It was almost like slow motion. I vividly remember the time I nearly split open my head doing flyes in my home gym. I was clanging my adjustable dumbbells together at the top of each rep'I hadn't discovered Arnold's continuous-tension technique yet'when one of the collars came loose and sent a plate plummeting toward my cranium. Luckily, only the 2 1/2-pounder on the end slipped off with the collar. It left a small red-and-purple impression on my forehead, but no stitches were necessary. It also gave a whole new meaning to the term 'drop set.'
That was years and years ago. I haven't had to use adjustable dumbbells in a long time'even if I choose to train at home'thanks to recent innovations in selectorized dumbbells like the PowerBlock. The entire set takes up only a two-square-foot area and replaces an entire wall of fixed dumbbells. It's truly an extraordinary piece of equipment, and it may be the most revolutionary advance in home training in the past 20 years.
These futuristic rectangular dumbbells sit on a sturdy three-foot-high stand and look like something Captain Kirk would train with on the Starship Enterprise ('Spock, spot me on some X Reps, you unemotional bastard!'). But don't let that throw you. The PowerBlock is heavy-duty, hardcore weight-training equipment, and you can do any dumbbell exercise in the book without fear of collars and plates reeling toward your noggin.
The safety factor is only one of the advantages of using the PowerBlock, though. The biggest benefit is the selectorized feature. To change the poundage, you simply return the dumbbells to their racks and move a U-shaped pin on each to select the weight. When you pull the dumbbells away from the stand, the poundage you choose comes along for the ride, and the rest of the plates stay on the stand. So it's not just an ingenious space-saving innovation but a rapid-fire weight-change solution.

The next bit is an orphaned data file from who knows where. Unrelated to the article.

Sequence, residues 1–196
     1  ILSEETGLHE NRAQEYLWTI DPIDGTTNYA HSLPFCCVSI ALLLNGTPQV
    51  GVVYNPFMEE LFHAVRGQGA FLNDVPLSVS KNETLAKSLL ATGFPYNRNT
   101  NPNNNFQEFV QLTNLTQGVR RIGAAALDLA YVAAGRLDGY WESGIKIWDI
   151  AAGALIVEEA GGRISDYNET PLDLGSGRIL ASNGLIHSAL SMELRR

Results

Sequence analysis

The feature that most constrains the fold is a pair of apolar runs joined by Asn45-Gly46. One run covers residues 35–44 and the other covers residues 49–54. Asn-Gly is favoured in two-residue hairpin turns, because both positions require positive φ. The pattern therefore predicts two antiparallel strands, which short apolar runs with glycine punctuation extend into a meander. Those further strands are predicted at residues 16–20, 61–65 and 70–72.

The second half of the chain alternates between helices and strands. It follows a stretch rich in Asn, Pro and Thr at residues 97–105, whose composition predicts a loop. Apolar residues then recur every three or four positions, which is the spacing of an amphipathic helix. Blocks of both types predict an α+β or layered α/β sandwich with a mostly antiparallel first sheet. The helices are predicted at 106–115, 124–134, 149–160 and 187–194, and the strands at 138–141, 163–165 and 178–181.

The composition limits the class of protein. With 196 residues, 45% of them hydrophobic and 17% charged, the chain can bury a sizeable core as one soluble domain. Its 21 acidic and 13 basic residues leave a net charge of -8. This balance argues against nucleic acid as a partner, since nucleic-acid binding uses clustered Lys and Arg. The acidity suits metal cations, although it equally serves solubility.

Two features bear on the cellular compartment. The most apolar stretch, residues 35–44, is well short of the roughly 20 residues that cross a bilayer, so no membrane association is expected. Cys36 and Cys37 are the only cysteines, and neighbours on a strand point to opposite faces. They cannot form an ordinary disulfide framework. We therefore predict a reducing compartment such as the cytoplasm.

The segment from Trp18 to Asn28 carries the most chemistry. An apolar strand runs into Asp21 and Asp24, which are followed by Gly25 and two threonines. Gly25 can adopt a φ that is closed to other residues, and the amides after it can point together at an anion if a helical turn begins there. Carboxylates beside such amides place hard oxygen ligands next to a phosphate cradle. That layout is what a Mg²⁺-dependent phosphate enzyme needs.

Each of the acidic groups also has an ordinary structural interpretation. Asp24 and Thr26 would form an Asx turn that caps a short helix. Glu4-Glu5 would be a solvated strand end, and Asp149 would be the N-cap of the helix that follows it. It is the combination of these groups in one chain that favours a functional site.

That's extremely important from where I sit, and rep, because I'm a firm believer in drop sets for building more mass. A drop set has nothing to do with that plate dropping on my head I mentioned earlier. It's doing a set to nervous system exhaustion, quickly reducing the poundage and then doing another set to exhaustion, a key mass-building technique that's pretty much impossible with a standard adjustable dumbbell set unless you're overdosing on ephedrine.
Do you really need drop sets? I say absolutely, if you want to max out your muscle size. They are ideal for isolation exercises that you do after your big compound, or multijoint, mass move. Drop sets are almost mandatory for taking your muscularity to the next level. Let me explain:
Let's say you train a big, heavy, multijoint exercise like upright rows for delts with two sets, and on the second you include X-Rep power partials at the max-force point at the end of the set. That does a number of good things that will contribute toward your packing on more fiber size, including max-force overload. Now you move to drop sets on a continuous-tension isolation exercise, like dumbbell laterals, which will stress a few more pure fast-twitch fibers but, more importantly, also hit loads of intermediary fibers for extra potential growth.
That's why a good mass strategy is to finish off a muscle with drop sets. After you blow out your big exercise, you want to go for serious occlusion along with fatigue and more fiber activation. Occlusion, or blocking blood flow, and fatigue create a secondary level of growth, with capillary bed enlargement (and engorgement) and unique muscle fiber stress.
So here's the drill: After your upright rows you go to lateral raises and rep out, hitting failure at around nine reps. You reduce the weight as quickly as possible and immediately rep out again, getting about six reps. If you're really brave'and motivated'you may want to decrease the weight one last time and go for a third set immediately after the second. But even with only two back-to-back sets you should feel an incredible burn (if you didn't, do another round). That helps trigger growth hormone release and signifies that you've occluded the muscle and attacked that important next level of growth.